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13 of 14 people found the following review helpful By Christopher Hunter VINE VOICE on 30 Dec. 2003
Format: Audio CD
I've always thought that Trans Europe Express is a record that couldn't have been made anywhere else than Europe. As before, with Autobahn, the travel theme is central but several things have come together to make this record a more focused and rewarding experience than previous releases in my opinion.
The improvement in technology, which has vital implications when you're using state of the art technology as the bedrock of your groups music, is obvious to the ear as it was to be on the following two releases up to 'Computer World'. The technological ability to produce more complex rhythms and melodies really comes together on the key title track. The full influence of Trans Europe Express really came to the fore with the sampling and 'borrowing' of parts of the record by the hip-hop electro movement in the States during the early eighties and house music thereafter.
The atmosphere of the record is interesting. The use of new technology and name checks of contemporaries such as "Iggy Pop" and "David Bowie" is contrasted by the references to a golden era of travel and an evocation of an endless European continent of palaces and classic cities. New sits comfortably with the old.
With all Kraftwerk records the melodies are very strong and the songs are loaded with hooks which will keep you humming them for days after hearing the record. 'Showroom Dummies' was released as a minor hit single after the belated success of 'The Model' in the early 80's.
The key tracks are the title track and 'Europe Endless'. This album opened the door to what was to follow in the next 10 years as electro-pop became the norm. What sets this apart is that somehow Trans Europe Express still sounds fresh and has a stlye that many of the bands to follow could never capture.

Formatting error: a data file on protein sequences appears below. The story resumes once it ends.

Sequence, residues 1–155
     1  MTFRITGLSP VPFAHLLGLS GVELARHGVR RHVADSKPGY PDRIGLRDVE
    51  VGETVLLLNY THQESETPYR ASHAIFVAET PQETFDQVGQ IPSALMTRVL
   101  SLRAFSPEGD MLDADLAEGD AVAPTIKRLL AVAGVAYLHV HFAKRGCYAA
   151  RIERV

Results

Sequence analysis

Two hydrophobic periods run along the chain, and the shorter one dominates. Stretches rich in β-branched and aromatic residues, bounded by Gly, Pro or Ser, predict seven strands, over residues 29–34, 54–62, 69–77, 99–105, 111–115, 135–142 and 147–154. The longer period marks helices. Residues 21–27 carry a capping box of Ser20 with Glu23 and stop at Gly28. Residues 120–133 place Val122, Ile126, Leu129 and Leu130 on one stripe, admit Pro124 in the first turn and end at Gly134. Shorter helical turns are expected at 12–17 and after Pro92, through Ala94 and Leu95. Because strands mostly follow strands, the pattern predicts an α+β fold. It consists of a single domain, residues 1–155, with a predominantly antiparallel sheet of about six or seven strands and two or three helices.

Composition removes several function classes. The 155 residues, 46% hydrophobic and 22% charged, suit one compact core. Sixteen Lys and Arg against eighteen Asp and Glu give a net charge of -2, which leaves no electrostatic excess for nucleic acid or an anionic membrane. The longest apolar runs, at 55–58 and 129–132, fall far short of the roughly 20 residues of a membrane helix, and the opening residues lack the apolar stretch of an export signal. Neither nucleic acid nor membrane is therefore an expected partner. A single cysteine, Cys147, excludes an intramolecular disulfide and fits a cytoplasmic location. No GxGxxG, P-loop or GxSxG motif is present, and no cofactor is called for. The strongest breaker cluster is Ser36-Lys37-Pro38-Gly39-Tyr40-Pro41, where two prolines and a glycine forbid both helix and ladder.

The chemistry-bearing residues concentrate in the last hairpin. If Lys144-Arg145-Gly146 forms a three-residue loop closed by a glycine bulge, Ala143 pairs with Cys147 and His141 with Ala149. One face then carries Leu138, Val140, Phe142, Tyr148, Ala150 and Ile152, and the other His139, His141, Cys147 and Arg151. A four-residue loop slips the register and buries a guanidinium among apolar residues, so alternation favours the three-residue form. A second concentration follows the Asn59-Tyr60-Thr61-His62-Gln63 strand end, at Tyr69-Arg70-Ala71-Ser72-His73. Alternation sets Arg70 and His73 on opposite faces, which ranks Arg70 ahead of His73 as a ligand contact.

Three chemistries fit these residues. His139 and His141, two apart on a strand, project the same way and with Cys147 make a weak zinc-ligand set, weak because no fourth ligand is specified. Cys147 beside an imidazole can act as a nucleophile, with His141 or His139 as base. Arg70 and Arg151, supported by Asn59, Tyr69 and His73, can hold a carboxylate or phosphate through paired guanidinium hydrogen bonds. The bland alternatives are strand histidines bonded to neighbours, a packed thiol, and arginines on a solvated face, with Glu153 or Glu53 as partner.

An essential purchase.
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23 of 25 people found the following review helpful By sonik57 on 28 April 2005
Format: Audio CD
Awesome. It's still stunning more than a quarter of a century after its release. Kicking-off with the nine-minute opus Europe Endless with its evocative lyric, T.E.E is as much a masterpiece as The Man Machine (its sequel) still is.
I was just a lad of eleven when my older bro brought this home. Sticking in the turntable - no CD players in '77 chaps! -it was quite unlike anything we'd ever heard, although we both had dim memories of their breakthrough hit Autobahn from two years before. Even the cover photo was intriguing, smartly dressed young men with short hair being a bit rare in music in 1977!
The tracks here are stunning: The Hall Of Mirrors stark, formidable and riveting, it was later covered by Siouxsie & The Banshees. To say this album was influential is a distinct understatement. Loads of people picked up on what Kraftwerk were doing in Dusseldorf. From Bowie and Eno in Berlin, to the embryonic Human League in Sheffield, to The Yellow Magic Orchestra in Tokyo to Gary Numan in west London and even hip-hop DJs in New York, this was the boy and it still is.
The title track was ruthlessly plagiarised to form the main riff to Afrika Bambaataa's Planet Rock (Kraftwerk sued him) and is a superb 'electronic blues' (a phrase suggested to them by a friend) that evokes the train journey across the continent. The band struck upon the idea of inviting journalists on board a special run of the real-life TEE, piping the album through the train's speakers and everyone getting totally dog-faced during the trip!
The album was such a winner in New York's discos it won an award. A total gem for an amazing band. Music wouldn't be the same without the inspiration of the founding fathers of modern electronic music. A classic album from a classy outfit.